Jose Mourinho's reaction spoke volumes about just how much Real Madrid's 3-2 victory over Manchester City meant to his side: not for nothing does he slide on his knees into the pitch. There had been pressure and when Aleksandr Kolarov gave Manchester City the lead with five minutes remaining, he must have feared the discontent around the Bernabeu would become intolerable. After an 87th-minute equalizer and a 92nd-minute winner, though, there was euphoric relief.
The great Hungarian coach Bela Guttmann always insisted "the third season is fatal." It's not true for every manager, but it perhaps is true for those who are not empire builders, those whose method is an exhausting blend of motivation and tactical genius. Guttmann kept hopping on, kept winning titles, kept picking up lucrative new contracts, kept leaving behind a squad shattered by the experience. It's no great leap to see Jose Mourinho as Guttmann's modern equivalent.
Wherever he's gone, success and controversy have followed. This is only the second time Mourinho's attempted a third season at a club. The other occasion was at Chelsea, a season of acrimony and infighting that brought an FA Cup and a League Cup but no championship; he left the club the following September. It's early, of course, but Real Madrid this season has a similar feel of the final days of the Roman republic; politics and infighting everywhere threatening to consume the whole.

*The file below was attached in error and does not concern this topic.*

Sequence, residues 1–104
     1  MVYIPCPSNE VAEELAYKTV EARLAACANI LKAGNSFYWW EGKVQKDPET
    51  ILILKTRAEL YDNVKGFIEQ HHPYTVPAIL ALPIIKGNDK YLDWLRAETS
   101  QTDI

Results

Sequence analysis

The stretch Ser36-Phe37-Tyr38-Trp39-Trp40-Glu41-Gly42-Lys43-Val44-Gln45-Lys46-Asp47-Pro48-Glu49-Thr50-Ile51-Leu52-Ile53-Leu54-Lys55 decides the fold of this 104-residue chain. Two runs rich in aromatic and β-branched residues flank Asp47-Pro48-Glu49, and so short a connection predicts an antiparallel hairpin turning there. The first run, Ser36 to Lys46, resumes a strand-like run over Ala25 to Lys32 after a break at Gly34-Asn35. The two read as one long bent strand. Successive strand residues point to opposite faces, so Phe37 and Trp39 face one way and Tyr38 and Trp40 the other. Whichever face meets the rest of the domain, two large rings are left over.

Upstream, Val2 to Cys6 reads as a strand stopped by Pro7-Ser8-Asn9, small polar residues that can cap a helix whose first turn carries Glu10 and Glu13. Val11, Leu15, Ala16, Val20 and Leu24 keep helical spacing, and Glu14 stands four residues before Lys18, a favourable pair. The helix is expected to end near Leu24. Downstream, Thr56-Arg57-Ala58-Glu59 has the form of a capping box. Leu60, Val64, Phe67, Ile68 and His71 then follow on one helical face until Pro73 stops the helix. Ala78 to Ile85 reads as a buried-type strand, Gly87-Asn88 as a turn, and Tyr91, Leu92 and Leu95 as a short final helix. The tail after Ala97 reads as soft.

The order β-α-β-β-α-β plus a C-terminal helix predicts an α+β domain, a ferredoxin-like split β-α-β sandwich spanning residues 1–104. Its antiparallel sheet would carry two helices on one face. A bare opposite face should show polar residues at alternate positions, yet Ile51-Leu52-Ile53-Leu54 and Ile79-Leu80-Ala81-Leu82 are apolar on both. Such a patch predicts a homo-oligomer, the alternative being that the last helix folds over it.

It's not just Mourinho, of course. Real Madrid has always been a hotbed of intrigue; Mourinho is their first manager to be given a third season in a decade. Last season he broke the domination of Barcelona; this season his job is to end a 10-year hiatus and, at last, win a tenth Champions League. In that regard the miserable early season form that sees Madrid eight points behind Barcelona after three games is irrelevant. Champions League success would excuse any number of failings elsewhere.
The problem is that, at the moment, the failings are threatening to engulf the club. Players are supposedly exhausted from playing at the Euros and a preseason tour of the USA. Mourinho criticized the three Spain internationals, Sergio Ramos, Alvaro Arbeloa and Xabi Alonso, for promoting boots the day after returning from international duty last week. Ramos, perhaps significantly, was left on the bench against City. Cristiano Ronaldo, for reasons that are still not entirely clear, has spoken of feeling "sad." Gonzalo Higuain was in a weirdly distracted mood against Sevilla and could easily have been sent off for an early elbow. There is talk of a rift in the dressing room between those four players who use Jorge Mendes, Mourinho's agent, and the rest.
Both sides, significantly, began with three central midfielders who either sat deep or are ball-winners, something that seemed to reflect a sense of caution that was understandable in teams still struggling to find their rhythm this season; City may not have disappointed in the league as much as Madrid, but it has been oddly open and remains without a clean sheet. For Madrid, Xabi Alonso sat at the back of midfield with Michael Essien and Sami Khedira ball-winning in front of him; City had Javi Garcia and Gareth Barry deep, with Yaya Toure given the job of linking back six to front three with his surging runs. It was precisely one of those surges, of course, that led to Edin Dzeko's opening goal after 68 minutes.